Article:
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Stellaris: Nemesis is going to boost some very exciting things for the grand space strategy game from Paradox, with a huge new endgame crisis coming where you get to pick a side. Not only are we get a whole espionage and spying system, we're also getting a big boost in endgame content with the Stellaris: Nemesis DLC.

Players will be tasked with either helping to keep the galaxy under control, or become the actual endgame crisis directly by eating up stars and possibly destroy the entire galaxy. Okay then.

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How will this all work? You will be able to pick a new associated ascension perk aptly named "Become the Crisis". It will be available to most types of empires but it will need at least two other ascension perks unlocked first. However, be warned, Paradox said in the new dev diary if you pick it you will "forfeit other opportunities to focus on your newfound goals" so everything you do will lead to destruction.

You will then need to go on a glorious path of destruction to earn Menace, unless you're working to stabilise the galaxy that is but where's the fun in that? Each level of the crisis progression needs a certain amount of Menace and finishing a special project. As you go through you get new types of ships with the last one being a Star Eater, that you need to use to gather Dark Matter by destroying stars and eventually wiping out the galaxy.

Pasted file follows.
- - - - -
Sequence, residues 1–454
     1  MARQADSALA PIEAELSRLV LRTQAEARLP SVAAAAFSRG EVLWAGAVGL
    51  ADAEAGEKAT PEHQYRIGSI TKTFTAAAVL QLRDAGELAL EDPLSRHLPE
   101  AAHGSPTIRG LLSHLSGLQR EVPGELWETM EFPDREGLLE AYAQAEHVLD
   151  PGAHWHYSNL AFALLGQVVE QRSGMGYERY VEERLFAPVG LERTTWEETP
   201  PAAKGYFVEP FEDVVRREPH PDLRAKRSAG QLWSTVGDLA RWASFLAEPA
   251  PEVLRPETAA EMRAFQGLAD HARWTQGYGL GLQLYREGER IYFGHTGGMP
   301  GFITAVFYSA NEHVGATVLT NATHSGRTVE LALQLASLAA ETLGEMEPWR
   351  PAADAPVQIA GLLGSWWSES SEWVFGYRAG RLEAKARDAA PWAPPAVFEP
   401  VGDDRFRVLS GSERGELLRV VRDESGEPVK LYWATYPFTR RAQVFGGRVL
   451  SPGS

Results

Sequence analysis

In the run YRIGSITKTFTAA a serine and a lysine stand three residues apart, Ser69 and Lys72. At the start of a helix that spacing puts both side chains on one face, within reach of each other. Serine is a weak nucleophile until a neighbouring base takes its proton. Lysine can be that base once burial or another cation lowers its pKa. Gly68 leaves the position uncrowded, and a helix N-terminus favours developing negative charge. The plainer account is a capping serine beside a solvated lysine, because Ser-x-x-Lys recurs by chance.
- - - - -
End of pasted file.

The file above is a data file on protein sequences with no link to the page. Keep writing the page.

Sounds wild, I love it.

You can wishlist / follow Stellaris: Nemesis on GOG and Steam.

Article taken from GamingOnLinux.com.
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12 comments
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eldaking 4 Feb
Dang, this is cool.
This may be the most excited I've ever been about a Stellaris update. I, uh, often end up becoming the de facto end game crisis (in fact I have weird "luck" with the crisis just…not spawning in most of my games, even when I want it to), so being able to do it with actual mechanics sounds amazing!

Sounds like a great excuse to pick up the Necroids species pack and play a empire bent on wiping out the rest of the galaxy. Literally.
Quoting: PhiladelphusThis may be the most excited I've ever been about a Stellaris update. I, uh, often end up becoming the de facto end game crisis (in fact I have weird "luck" with the crisis just…not spawning in most of my games, even when I want it to), so being able to do it with actual mechanics sounds amazing!